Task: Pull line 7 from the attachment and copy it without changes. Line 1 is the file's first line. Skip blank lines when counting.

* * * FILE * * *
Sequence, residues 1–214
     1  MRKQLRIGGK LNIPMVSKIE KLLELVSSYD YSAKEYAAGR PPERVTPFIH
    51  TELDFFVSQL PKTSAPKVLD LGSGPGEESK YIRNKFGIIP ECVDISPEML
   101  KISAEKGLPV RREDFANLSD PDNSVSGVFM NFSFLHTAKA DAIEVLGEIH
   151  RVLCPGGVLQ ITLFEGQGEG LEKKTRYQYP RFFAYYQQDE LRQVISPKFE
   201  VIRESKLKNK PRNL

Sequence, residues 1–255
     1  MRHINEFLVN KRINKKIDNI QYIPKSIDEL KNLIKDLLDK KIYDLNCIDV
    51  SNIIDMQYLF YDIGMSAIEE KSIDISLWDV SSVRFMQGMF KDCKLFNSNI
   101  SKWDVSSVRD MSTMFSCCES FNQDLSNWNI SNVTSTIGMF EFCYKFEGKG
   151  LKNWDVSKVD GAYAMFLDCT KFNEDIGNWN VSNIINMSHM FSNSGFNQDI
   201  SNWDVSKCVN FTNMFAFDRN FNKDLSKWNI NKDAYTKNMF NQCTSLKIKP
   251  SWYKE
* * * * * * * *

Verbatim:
Sequence, residues 1–255